Pension Awareness Week 2020: pension apathy will hit your retirement plans

Apathy can be the undoing of many retirement plans.

FacebooktwitterlinkedinmailFacebooktwitterlinkedinmail   by Victoria Rutland, 17th September 2020

This week marks the annual Pension Awareness Week, which aims to help you get the most from your pension and understand the different income choices you have.

One common enquiry that we receive is from individuals looking to get a grasp of their pensions. For many of us, pensions are disconnected from our day-to-day personal finances. Yet your pension is a pot of your money, much like the funds you have sat in your personal bank account.

Commonly, as with many things in life, apathy can be the undoing of many retirement plans. And this apathy can come in several different forms:

Default investment pathway

Most workplace pension schemes will invest employees automatically into the default fund. This fund is usually selected by the scheme provider and is often a form of lifestyle strategy. This type of strategy means that changes to the pension investments are automatically made over a period of time. During the early stages, your pension is invested heavily in equities in order to achieve longer term capital growth.

As you approach retirement, the exposure to riskier assets such as equities is gradually reduced; instead investing a greater proportion of the fund into lower risk assets such as fixed interest assets or cash. The theory is that this allows you to lock in any investment growth as you get closer to your retirement, with 25% of your fund in cash (or cash-like investments) to pay the tax-free amount. The rest of the fund will normally be invested in bonds because they can provide some protection against changes in annuity rates.

This type of strategy is good if you:

  1. do not want to be involved in the management of their pension fund; and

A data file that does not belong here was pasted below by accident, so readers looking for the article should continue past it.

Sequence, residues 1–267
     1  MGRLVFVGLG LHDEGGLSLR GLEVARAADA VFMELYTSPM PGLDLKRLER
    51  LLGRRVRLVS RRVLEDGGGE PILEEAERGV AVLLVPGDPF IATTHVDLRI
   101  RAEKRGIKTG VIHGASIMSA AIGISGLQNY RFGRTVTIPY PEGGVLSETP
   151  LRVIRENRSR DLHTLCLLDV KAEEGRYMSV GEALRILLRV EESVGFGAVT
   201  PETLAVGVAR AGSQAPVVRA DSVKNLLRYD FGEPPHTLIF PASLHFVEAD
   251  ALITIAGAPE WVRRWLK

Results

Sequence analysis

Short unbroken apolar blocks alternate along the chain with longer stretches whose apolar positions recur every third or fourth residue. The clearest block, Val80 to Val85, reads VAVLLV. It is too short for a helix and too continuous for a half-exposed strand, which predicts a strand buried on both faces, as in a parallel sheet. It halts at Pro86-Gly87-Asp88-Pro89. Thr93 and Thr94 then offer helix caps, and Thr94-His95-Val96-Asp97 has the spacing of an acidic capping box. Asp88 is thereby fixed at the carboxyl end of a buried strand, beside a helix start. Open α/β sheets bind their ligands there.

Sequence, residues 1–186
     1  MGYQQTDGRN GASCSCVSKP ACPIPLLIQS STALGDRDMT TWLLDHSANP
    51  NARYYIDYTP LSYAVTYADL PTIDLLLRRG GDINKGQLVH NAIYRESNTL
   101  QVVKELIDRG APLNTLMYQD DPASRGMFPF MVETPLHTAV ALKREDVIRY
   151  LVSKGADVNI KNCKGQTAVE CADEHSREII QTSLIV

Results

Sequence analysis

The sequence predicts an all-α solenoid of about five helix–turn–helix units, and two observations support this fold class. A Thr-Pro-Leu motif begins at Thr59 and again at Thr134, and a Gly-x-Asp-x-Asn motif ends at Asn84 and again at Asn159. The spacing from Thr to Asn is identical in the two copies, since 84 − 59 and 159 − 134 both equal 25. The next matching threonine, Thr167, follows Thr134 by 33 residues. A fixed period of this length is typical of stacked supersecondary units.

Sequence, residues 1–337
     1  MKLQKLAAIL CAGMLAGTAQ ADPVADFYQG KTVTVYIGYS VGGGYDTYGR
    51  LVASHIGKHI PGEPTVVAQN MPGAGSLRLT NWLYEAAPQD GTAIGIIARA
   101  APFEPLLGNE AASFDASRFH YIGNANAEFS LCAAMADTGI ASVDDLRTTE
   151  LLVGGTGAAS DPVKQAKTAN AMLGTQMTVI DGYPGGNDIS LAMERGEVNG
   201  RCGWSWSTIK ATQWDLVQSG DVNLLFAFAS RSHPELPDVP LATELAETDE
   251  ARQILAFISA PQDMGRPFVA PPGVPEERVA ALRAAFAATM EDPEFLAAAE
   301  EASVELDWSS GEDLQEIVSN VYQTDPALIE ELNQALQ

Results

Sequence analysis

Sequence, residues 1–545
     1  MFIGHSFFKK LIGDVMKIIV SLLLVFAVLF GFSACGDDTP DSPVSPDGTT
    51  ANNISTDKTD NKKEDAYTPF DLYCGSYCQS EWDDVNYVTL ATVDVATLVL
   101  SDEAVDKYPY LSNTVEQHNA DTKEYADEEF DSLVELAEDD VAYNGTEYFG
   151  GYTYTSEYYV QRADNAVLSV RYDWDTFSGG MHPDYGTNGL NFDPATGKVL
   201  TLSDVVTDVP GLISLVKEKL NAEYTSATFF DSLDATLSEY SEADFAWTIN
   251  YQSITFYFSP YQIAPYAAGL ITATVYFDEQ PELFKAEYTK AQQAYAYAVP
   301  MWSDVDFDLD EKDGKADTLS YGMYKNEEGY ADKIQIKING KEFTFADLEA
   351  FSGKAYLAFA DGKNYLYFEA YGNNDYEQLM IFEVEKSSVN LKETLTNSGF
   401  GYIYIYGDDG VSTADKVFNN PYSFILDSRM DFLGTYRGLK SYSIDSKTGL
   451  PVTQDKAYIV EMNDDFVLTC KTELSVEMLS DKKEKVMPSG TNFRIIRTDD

2. wish to purchase an annuity on your selected retirement date.

However, since the introduction of pension freedoms, most of us are now choosing not to purchase annuities due to the very low rates being offered, preferring to opt for a drawdown facility instead. This strategy means that you are investing in lower growth areas too soon and risk missing out on the long-term growth you need to maintain an adequate income in retirement.

You might not have to make any changes, but you should check your investment strategy matches what you intend to do.

What kind of world is your pension building?

Workplace default pension funds (including lifestyle strategies) will often invest money on our behalf into ‘traditional’ investments that include oil & gas companies and tobacco. Traditional investments don’t usually consider the carbon footprint of the underlying companies or the governance of the business and its supply chain.

Whilst opportunities to invest in ethical, ESG or Positive Impact portfolios are increasingly available on the wider market, workplace pensions remain behind the curve. Ethical funds are now being offered using a negative screening approach. However, very few offer funds which take things a step further with the aim of having a positive impact on society or the environment.

Times are certainly changing – Make My Money Matter, is a new campaign calling for the trillions invested through our pensions to help build a better world. The idea behind the campaign is simple – we can use the £3 trillion invested in UK pensions to create a better environment and society. Maybe it’s time to check where your pension is invested?

Don’t forget to check charges

Like most products and services, pension plans come with charges. All auto-enrolment workplace schemes cap charges at 0.75% but additional fees can apply if you’ve chosen to invest in funds other than the default strategy.

These charges can have a significant impact on the amount we end up with at retirement, so it’s vital to get to grips with exactly how much you’re paying and what you are paying for.

If you’re not sure what charges you’re paying check your latest annual pension statement or contact your pension provider and ask them what your annual charges are.

Taking a more proactive approach

Time goes by much quicker than you think. If you’d like to discuss your retirement plans or want to look closer at how your pensions are invested, we offer a free initial consultation by video call or phone.

 

About the author: Victoria Rutland

Victoria has worked in Financial Services for a number of years and joined EQ in 2014. She provides advice on all areas of financial planning with a speciality in retirement planning. Victoria is a Chartered Financial Planner and also holds the Certificate in Long Term Care Assurance. Away from the office, Victoria enjoys travelling and baking an array of goodies.

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